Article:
[$\supseteq$] If $n_F = \infty$ there exist elements of arbitrary big degree over $\mathbb{F}_p$, but for each $x \in \mathbb{F}_{p^{q^n}}$ the dimension $\vert \mathbb{F}_p(x) : \mathbb{F}_p \vert$ is finite; again, from the construction of $L_q$ we have $\mathbb{F}_{p^{q^n}} \subseteq F$. Suppose $n_F < \infty$, then there exists $x \in F$ such that $\vert \mathbb{F}_p(x) : \mathbb{F}_p \vert = q^{n_F}$ and so $\mathbb{F}_{p^{q^{n_F}}} = \mathbb{F}_p(x)$

We can now use the Foundamental theorem for infinite galois extensions and carachterize each closed subgroup of $\mathbb{Z}_q$ as $\text{Gal}(L_q / \mathbb{F}_{p^{q^n}})$, with $n \in \mathbb{N} \cup \lbrace \infty \rbrace$.

Claim: each closed subgroup of $\mathbb{Z}_q$ is in the form $q^n\mathbb{Z}_q$.

Let $\phi$ the Frobenius of $L_q / \mathbb{F}_p$. We have $\mathbb{Z}_q \cong \text{Gal}(L_q / \mathbb{F}_p) \cong \overline{\langle \phi \rangle}$. For the same reason $\text{Gal}(L_q / \mathbb{F}_{p^{q^m}}) \cong \overline{\langle \phi^{{q^m}} \rangle}$, but if we consider the isomorphism $$\varphi: \overline{\langle \phi \rangle} \rightarrow \mathbb{Z}_q$$ such that $\phi \mapsto 1$, which bind $\overline{\langle \phi \rangle}$ and $\text{Gal}(L_q / \mathbb{F}_p)$, and denote $1 := \lbrace \big[ 1 \big]_{q^n} \rbrace_{n \in \mathbb{N}}$, we have that the restriction $$\varphi_{|_{\overline{\langle \phi^{{q^m}} \rangle}}} : {\overline{\langle \phi^{q^m} \rangle}} \rightarrow {q^m\mathbb{Z}_q}$$ that is the map such that $\phi^{q^m} \mapsto q^m$, define an isomorphism between $\overline{\langle \phi^{{q^m}} \rangle}$ and $q^m\mathbb{Z}_q$. Again we have denoted $q^m := \lbrace \big[ q^m \big]_{q^n} \rbrace_{n \in \mathbb{N}}$.

In conclusion each closed subgroup of $\mathbb{Z}_q$ can be seen as $q^m\mathbb{Z}_q$, for some $m \in \mathbb{N} \cup \lbrace \infty \rbrace$.

Consider now the general case, that is a generic intermediate field of $K$ of$\overline{\mathbb{F}}_p / \mathbb{F}_p$. Leq $q$ a generic prime and denote $K^{(q)} := K \cap L_q$. We'll show that $$K = \prod_{q}K^{(q)}$$ where $\prod_{q}K^{(q)}$ is the smallest subfield of $\overline{\mathbb{F}_p}$ that contains each $K^{(q)}$.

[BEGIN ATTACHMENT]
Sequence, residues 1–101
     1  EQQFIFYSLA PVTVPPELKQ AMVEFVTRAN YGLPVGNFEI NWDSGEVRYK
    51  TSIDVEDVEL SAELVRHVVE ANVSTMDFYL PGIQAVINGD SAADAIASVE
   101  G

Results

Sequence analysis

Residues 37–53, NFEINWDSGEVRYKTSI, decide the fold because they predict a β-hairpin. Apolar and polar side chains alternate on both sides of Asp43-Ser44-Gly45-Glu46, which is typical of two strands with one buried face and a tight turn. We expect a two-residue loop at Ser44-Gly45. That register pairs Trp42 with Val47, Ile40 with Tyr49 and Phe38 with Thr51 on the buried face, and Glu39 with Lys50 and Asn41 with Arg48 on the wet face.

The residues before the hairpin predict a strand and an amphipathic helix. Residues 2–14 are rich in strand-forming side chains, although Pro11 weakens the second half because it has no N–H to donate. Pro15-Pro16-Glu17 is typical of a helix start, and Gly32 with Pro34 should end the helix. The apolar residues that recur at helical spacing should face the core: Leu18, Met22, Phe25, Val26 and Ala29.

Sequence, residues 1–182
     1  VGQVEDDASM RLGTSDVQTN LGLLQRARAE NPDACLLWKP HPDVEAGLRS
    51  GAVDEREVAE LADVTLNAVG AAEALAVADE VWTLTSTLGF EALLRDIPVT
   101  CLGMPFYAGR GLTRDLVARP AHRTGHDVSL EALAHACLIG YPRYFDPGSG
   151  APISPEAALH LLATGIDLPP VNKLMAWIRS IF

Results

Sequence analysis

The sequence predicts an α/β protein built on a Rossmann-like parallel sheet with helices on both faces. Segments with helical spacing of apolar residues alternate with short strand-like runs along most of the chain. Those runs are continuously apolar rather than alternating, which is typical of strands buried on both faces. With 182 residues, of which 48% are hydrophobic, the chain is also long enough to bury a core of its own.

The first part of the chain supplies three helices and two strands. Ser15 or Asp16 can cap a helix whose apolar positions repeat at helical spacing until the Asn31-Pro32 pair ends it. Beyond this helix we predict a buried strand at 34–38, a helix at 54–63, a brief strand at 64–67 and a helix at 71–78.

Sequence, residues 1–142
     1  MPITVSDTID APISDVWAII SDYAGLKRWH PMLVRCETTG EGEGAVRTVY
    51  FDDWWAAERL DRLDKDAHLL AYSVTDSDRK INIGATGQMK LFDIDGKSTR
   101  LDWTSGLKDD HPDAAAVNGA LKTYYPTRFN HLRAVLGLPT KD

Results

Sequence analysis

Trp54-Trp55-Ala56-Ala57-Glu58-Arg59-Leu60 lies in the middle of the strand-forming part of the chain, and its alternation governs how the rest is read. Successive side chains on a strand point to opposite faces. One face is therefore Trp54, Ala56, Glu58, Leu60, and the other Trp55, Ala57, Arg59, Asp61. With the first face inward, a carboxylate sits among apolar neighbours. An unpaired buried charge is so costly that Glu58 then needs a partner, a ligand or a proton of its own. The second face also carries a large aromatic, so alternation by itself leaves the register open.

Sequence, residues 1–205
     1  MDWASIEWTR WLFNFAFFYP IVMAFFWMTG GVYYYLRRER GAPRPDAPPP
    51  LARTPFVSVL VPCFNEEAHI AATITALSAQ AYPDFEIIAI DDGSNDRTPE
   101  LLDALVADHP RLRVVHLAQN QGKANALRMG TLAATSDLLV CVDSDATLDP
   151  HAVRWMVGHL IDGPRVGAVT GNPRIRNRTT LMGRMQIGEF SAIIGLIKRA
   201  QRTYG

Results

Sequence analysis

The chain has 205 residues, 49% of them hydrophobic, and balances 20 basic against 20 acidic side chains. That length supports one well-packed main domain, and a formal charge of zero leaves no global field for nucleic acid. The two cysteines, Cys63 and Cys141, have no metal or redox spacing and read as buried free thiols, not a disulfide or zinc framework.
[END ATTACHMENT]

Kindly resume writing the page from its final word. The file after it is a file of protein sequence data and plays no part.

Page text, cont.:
[$\subseteq$] Let $x \in K$. we say that $\vert \mathbb{F}_p(x) : \mathbb{F}_p \vert = m$, with $m = q_1^{e_1} \cdot \cdots \cdot q_r^{e_r}$; so, for the cinese remainder theorem we obtain that $x \in \mathbb{F}_{p^m} = \prod_{i}\mathbb{F}_{p^{q_i^{e_i}}} \subseteq \prod_{i}K^{(q_i)}$.

[$\supseteq$] obviously because each $K^{(q)}$ lives in $K$.

For what we have said is clear that $K^{(q)} = \mathbb{F}_{p^{q^{n_q}}}$, for some $n_q \in \mathbb{N} \cup \lbrace \infty \rbrace$, so $$K = \prod_{q}\mathbb{F}_{p^{q^{n_q}}}$$ For each $q$ consider the morphism $\theta: \text{Gal}(\overline{\mathbb{F}_p}/K) \rightarrow \text{Gal}(L_q / K^{(q)})$ such that $\sigma \mapsto \sigma_{|_{L_q}}$ . note that the choice of the codomain is correct, since if $\sigma \in \text{Gal}(\overline{\mathbb{F}_p}/K) \subseteq \text{Gal}(\overline{\mathbb{F}_p}/ \mathbb{F})$, so we have $\sigma_{|_{L_q}} \in \text{Gal}(L_q/ \mathbb{F})$ and it is an automoprhism of $L_q$ which clearly fixes $K^{(q)}$. All these morphisms generate a map $$\theta: \text{Gal}(\overline{\mathbb{F}_p}/K) \rightarrow \prod_{q}\text{Gal}(L_q / K^{(q)})$$ such tath $\sigma_{|_{L_q}} \mapsto \sigma$

But the extensions of $ K^{(q)} = \mathbb{F}_{p^{q^{n_q}}}$ have trivial intersection, i.e $\mathbb{F}_p$, and so it's easy to verify that $\theta$ is a bijective morphism, that is $$\text{Gal}(\overline{\mathbb{F}_p} / K) \cong \prod_{q}\text{Gal}(L_q / K^{(q)}) \cong \prod_{q}q^{n_q}\mathbb{Z}_q$$ Finally, all closed subgroups of $\hat{\mathbb{Z}}$ are in the form $ \prod_{q}q^{n_q}\mathbb{Z}_q$, with $n_q \in \mathbb{N} \cup \lbrace \infty \rbrace$.